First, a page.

Or what about the many vindictive teachers I’ve had, who if they had it in for you, for whatever reason, would use every opportunity to belittle me or the other students, and give us all low grades? I met just such a teacher recently and I was blown away by how much anger she had for people who didn’t share her view of things, and how far she’d go to blackball them. Can you imagine these people teaching children? What kind of an example are they for our kids? What do you think those kids will learn from them? Hate, anger, vindictiveness and methods of punishment? Or what about unquestioning submission to the classroom despot? Are those the things we want them to learn?

Have you heard of the teachers (and professors) that will give you low grades if you don’t quote their books when you write your papers? They’re such egotists that if you don’t pay homage to their books, you won’t pass their course. Never mind that many of them copy their books outright from foreign textbooks, stealing the intellectual property of others so they can embellish their own curriculum vitae and hang on to their posts or get promoted.

What about the filthy perverts who ask for sex in order to let you pass their courses? Yes, that happens as well. They caught one such pervert recently in a girl’s dorm room, partially undressed and ready to seal the deal — thankfully, the girl managed to get away, but how many girls to do you think submit to this sort of thing just so they can get their diploma?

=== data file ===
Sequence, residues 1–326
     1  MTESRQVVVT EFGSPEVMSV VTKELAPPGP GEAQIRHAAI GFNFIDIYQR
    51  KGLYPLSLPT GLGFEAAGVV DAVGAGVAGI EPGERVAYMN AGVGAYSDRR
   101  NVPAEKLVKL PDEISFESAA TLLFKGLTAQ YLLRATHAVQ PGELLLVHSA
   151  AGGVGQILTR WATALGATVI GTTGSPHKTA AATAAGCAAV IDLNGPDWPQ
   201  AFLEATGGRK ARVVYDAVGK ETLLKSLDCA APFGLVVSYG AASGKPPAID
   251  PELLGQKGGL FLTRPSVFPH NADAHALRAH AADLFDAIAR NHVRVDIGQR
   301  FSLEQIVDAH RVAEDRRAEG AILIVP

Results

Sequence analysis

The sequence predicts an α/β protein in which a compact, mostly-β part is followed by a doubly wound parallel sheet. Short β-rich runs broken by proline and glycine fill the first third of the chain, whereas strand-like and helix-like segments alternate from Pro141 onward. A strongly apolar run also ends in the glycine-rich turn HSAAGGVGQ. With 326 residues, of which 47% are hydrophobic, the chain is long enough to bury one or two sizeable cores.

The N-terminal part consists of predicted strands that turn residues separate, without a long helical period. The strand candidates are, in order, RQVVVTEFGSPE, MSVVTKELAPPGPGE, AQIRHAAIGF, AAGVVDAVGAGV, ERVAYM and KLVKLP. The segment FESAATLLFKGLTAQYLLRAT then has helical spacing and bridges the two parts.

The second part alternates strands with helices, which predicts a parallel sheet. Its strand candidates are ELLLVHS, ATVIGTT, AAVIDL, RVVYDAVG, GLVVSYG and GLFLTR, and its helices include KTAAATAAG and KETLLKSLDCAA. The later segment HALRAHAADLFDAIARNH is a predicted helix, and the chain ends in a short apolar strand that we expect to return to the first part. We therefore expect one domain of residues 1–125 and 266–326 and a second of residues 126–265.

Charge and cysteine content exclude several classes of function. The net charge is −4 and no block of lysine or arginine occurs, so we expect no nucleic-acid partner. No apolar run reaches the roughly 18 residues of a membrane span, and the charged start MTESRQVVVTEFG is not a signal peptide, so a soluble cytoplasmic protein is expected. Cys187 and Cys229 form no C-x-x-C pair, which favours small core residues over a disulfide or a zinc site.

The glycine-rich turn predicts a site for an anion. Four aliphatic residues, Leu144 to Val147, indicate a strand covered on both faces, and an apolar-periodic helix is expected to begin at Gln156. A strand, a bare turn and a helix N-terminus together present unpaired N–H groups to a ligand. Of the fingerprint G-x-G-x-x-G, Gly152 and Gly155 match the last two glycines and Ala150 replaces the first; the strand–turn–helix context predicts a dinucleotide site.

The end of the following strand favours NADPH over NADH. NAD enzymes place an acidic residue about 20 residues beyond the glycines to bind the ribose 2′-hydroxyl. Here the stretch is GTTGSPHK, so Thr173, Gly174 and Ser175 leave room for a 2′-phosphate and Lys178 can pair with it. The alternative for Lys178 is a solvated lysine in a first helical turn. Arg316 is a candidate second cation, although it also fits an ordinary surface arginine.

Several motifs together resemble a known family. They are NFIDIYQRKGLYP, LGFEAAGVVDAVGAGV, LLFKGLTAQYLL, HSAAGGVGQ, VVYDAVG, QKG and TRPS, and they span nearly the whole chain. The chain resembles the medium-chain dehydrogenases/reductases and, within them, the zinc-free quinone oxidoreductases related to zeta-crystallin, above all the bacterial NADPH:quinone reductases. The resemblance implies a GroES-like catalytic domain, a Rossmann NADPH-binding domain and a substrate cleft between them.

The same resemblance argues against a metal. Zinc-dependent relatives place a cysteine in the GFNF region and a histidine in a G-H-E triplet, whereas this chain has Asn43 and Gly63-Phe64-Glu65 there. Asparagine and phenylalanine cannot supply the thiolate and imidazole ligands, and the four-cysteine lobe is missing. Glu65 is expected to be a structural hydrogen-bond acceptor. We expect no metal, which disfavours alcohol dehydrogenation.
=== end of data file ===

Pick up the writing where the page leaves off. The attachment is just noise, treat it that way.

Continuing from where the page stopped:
All I have to do to get more horror stories like this is to go out and ask any grade school, high school or college student to share their own experience. I for one am amazed that we still have so many qualified students graduating from Romania’s schools — these are cogent, thoughtful people, who’ve managed to rise above all the crap that goes on in those places and decide to do something good with their lives. Kudos to them for sticking it out, because it was a tough journey!

My suggestion to the Romanian government is to get to work right now on reforming education in Romania and to eliminate all the bad teachers right away. The more they leave the inadequate specimens in the classrooms, the more they’ll infect the young generations’ minds.

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Author: Raoul Pop

Entrepreneur, consultant, filmmaker, photographer and watch collector

4 thoughts on “A lot of teachers in Romania shouldn’t be teaching”

  1. Good job, Raoul!

    The problem is not with those who cheat on exams, we all know they won’t be getting any high-level jobs anywhere in the world, maybe somewhere in Romania if they’re lucky enough to know somebody in the system they’re applying for.

    I can honestly say that the number of romanian students who actually learn in school is quite higher than you may think.